Students find inspiration from experiences of another generation
Nov. 15, 2002
KALAMAZOO -- This fall, a group of Western Michigan University students and Kalamazoo area senior citizens are coming together to establish a learning environment that will allow them to overcome generations of differences, break down negative stereotypes and exchange insights.
Dr. Gabrielle Halko, assistant professor of English at WMU, says the project, a collaboration involving the Fountains at Bronson Place and Friendship Village, is an example of process education, which allows flexibility in education and teaches students through experiences outside the normal classroom setting. This fall, she transformed her children's literature class into one that will not be forgotten by its students.
"There are certain items that must be covered in a children's literature course," Halko explains, "but instead of choosing the material randomly, I decided to develop the course material around a 1930s theme, so we are studying classical literature and picture books from that era."
Halko knew that her students could learn about the lives of young people growing up during the depression and World War II by reading about their experiences through the presented literature, but she wanted to find a way to bring this experience to life for her students and get them more involved in the learning process.
Out of that planning came the 1930s oral history project. Each of the 24 groups from Halko's children's literature class has been matched with one senior citizen volunteer from the Kalamazoo community. A few groups have been paired with husband and wife couples.
Most of the senior volunteers were found through activity coordinators at The Fountains at Bronson Place and Friendship Village, two area senior communities. Others involved are interested family members and friends of the students. They and the student groups are meeting this semester to exchange stories from their young adulthood. While the volunteers paint a picture of what life was like for them as a child or teenager during the 1930s, students will analyze, reflect and compare these experiences with their own.
The interviews are being conducted on a group-by-group basis, and many groups already have met with their volunteers. According to Halko, the project is turning out to be a success. Just as she had hoped, the students are learning invaluable lessons that could never have been learned within the constraints of most classroom settings.
"Students have expressed that in addition to other, more mainstream lessons, they have learned how to deal with people of different ages, how to learn from the experiences of others, and how to appreciate all they have," Halko says.
In a recent class, students sat riveted as one participant spoke of his experiences in Japan following World War II. Now, when the possibility of a war hits so close to home for many of America's young people, some students say the veteran's heartfelt words made an impact that no textbook could have made.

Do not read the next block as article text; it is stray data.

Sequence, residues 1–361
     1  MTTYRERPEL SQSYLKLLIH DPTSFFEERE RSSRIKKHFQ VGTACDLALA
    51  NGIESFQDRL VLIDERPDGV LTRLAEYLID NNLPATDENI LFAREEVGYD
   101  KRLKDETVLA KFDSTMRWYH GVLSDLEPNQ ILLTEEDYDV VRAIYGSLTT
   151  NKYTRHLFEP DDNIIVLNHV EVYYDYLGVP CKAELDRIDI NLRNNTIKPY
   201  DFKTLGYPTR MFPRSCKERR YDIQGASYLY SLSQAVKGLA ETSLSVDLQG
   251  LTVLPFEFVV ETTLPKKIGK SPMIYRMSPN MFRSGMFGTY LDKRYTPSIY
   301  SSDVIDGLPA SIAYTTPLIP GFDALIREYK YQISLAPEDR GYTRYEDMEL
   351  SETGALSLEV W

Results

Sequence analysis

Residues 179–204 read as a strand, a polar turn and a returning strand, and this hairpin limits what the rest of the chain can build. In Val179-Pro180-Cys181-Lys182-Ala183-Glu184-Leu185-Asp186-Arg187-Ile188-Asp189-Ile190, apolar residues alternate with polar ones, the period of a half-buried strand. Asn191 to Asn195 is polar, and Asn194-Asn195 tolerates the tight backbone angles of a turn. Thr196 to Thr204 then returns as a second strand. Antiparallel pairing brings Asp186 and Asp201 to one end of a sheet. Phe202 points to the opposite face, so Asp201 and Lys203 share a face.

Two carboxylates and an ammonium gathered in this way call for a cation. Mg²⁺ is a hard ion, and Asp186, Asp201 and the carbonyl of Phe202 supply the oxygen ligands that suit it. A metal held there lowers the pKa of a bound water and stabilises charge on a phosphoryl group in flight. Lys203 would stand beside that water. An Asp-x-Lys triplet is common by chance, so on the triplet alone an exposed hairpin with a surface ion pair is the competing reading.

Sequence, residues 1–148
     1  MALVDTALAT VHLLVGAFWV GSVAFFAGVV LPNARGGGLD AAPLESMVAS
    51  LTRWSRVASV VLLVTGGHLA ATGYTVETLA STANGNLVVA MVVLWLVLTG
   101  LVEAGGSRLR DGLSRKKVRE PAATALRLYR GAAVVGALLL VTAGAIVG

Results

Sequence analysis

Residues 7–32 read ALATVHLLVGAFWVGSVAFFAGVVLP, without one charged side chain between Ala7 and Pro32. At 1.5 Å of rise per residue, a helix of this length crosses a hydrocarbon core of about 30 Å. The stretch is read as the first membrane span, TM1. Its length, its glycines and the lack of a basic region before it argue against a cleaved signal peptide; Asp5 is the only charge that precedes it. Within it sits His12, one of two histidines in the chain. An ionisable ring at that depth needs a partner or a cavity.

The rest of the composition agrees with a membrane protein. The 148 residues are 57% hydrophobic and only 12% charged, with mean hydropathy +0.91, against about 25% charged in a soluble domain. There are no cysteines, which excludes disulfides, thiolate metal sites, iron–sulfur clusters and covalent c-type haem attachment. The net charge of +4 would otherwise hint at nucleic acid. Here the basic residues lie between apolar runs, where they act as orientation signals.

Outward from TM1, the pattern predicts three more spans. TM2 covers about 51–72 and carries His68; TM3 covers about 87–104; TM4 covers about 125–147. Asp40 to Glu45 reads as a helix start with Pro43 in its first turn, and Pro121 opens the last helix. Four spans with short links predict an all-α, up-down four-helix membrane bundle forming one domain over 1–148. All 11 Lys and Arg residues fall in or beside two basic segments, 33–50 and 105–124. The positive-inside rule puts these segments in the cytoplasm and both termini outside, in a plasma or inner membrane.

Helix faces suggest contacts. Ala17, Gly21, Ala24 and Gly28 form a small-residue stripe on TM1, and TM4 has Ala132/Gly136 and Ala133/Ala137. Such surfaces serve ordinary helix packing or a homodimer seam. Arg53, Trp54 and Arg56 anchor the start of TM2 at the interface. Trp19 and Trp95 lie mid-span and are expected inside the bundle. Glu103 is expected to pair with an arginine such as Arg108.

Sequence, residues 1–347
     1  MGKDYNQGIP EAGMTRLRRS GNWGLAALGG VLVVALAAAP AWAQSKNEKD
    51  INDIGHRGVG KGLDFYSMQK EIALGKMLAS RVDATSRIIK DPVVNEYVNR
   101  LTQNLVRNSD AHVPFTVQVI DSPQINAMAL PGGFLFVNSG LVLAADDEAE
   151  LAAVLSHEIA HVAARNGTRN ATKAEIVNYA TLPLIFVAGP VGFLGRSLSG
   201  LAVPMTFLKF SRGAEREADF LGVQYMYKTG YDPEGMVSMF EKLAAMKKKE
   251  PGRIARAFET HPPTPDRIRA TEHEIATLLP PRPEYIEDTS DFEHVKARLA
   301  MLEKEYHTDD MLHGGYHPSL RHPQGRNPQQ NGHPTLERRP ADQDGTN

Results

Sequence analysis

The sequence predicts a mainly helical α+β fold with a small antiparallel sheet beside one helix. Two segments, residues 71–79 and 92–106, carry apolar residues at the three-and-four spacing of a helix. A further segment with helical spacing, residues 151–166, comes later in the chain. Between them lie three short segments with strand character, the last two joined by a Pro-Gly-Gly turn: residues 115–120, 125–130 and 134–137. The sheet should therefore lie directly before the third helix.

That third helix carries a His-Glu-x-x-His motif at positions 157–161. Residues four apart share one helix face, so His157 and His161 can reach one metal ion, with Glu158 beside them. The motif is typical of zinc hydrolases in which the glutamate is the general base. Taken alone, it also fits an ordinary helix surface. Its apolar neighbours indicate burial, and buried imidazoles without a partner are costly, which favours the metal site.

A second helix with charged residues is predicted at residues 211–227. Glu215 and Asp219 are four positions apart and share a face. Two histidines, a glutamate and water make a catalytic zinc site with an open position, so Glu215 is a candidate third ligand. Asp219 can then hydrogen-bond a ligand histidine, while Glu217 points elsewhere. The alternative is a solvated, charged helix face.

Halko and other university educators say that assignments like this oral history project and others that employ the principles of process education are trickling into university classrooms, as educators discover that students may learn more when they become actively involved in the learning process. Process education shifts the responsibility of learning to the student, thus challenging more traditional, lecture-style teaching methods. Emphasis is taken away from the memorization of facts and is placed on a student's ability to process complex information and apply learned concepts. Many times, it involves projects that grant students the opportunity to become a more integral part of the community.
Halko says she chose this particular project because she had a feeling the students and their volunteers would find they had more in common than they expected. She hopes that despite the generational gap, the participants will find there is not a huge difference between being a young adult then and now.
"Many challenges, aspirations and hardships remain timeless throughout the generations, especially in adolescence and young adulthood," Halko says. "I want our volunteers to be reminded that others are interested in their experiences."
The final outcome of the oral history assignments is left up to the students. Halko hopes that in gathering and presenting this information, the students will do it with creativity and an appreciation for the senior citizen volunteers and their experiences.
"We have some fascinating individuals participating in this project. I would like to somehow incorporate our volunteers into the final presentations. I'm hoping that we will be able to schedule something with Friendship Village and The Fountains, so we can show these individuals what we've done with their shared memories and wisdom," Halko says.
Media contact: Tonya Hernandez, 269 387-8400, firstname.lastname@example.org